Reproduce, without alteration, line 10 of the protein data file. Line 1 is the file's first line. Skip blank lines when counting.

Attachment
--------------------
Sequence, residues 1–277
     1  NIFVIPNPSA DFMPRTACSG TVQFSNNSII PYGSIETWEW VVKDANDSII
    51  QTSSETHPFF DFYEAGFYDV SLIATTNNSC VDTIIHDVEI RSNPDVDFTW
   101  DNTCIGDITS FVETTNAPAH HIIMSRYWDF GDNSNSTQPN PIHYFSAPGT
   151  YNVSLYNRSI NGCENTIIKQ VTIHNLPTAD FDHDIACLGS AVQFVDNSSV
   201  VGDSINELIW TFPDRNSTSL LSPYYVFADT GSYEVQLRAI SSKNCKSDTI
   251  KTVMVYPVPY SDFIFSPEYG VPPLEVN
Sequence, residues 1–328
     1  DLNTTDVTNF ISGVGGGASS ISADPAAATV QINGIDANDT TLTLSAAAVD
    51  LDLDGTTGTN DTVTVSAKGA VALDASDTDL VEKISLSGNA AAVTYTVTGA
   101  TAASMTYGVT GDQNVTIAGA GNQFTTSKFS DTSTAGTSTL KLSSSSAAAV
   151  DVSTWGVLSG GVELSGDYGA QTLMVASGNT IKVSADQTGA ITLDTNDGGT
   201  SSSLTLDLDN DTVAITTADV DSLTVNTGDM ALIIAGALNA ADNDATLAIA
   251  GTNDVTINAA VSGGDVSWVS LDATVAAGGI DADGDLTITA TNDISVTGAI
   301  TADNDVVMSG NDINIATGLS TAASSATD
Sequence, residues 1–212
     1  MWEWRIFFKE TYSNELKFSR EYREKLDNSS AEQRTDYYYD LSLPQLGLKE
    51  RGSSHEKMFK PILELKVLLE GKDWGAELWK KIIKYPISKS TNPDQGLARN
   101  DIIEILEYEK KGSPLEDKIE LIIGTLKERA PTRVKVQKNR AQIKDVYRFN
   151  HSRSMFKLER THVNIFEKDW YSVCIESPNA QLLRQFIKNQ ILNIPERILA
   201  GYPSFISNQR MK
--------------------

    51  LDLDGTTGTN DTVTVSAKGA VALDASDTDL VEKISLSGNA AAVTYTVTGA